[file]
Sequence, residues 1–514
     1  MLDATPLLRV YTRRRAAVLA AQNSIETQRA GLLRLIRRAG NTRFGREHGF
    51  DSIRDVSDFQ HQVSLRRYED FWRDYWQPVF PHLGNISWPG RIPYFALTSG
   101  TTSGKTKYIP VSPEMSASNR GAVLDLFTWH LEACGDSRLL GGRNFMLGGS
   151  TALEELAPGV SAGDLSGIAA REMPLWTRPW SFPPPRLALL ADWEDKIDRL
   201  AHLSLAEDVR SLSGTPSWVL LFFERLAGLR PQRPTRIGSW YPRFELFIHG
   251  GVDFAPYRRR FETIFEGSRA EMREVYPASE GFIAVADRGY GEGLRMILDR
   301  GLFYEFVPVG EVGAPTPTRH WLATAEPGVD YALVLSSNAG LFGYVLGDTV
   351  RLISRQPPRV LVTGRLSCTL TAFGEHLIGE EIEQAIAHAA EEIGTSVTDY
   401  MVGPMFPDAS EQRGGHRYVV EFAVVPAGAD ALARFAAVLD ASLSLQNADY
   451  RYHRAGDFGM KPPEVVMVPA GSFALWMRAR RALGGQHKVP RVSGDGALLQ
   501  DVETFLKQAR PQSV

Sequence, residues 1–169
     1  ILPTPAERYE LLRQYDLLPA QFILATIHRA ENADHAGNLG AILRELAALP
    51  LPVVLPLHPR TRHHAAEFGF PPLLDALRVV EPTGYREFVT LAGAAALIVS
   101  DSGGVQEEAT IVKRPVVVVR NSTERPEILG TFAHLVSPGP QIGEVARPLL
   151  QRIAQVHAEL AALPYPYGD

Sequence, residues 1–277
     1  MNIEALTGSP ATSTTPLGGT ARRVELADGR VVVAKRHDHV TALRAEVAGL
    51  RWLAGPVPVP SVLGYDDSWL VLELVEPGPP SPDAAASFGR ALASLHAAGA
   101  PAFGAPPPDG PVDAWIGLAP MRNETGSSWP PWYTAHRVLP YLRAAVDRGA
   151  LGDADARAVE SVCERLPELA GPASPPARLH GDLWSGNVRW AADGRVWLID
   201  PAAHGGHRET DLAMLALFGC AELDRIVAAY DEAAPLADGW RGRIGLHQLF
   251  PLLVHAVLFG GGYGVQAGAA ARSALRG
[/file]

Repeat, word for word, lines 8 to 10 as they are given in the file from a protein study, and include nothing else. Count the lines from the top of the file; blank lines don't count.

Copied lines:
   301  GLFYEFVPVG EVGAPTPTRH WLATAEPGVD YALVLSSNAG LFGYVLGDTV
   351  RLISRQPPRV LVTGRLSCTL TAFGEHLIGE EIEQAIAHAA EEIGTSVTDY
   401  MVGPMFPDAS EQRGGHRYVV EFAVVPAGAD ALARFAAVLD ASLSLQNADY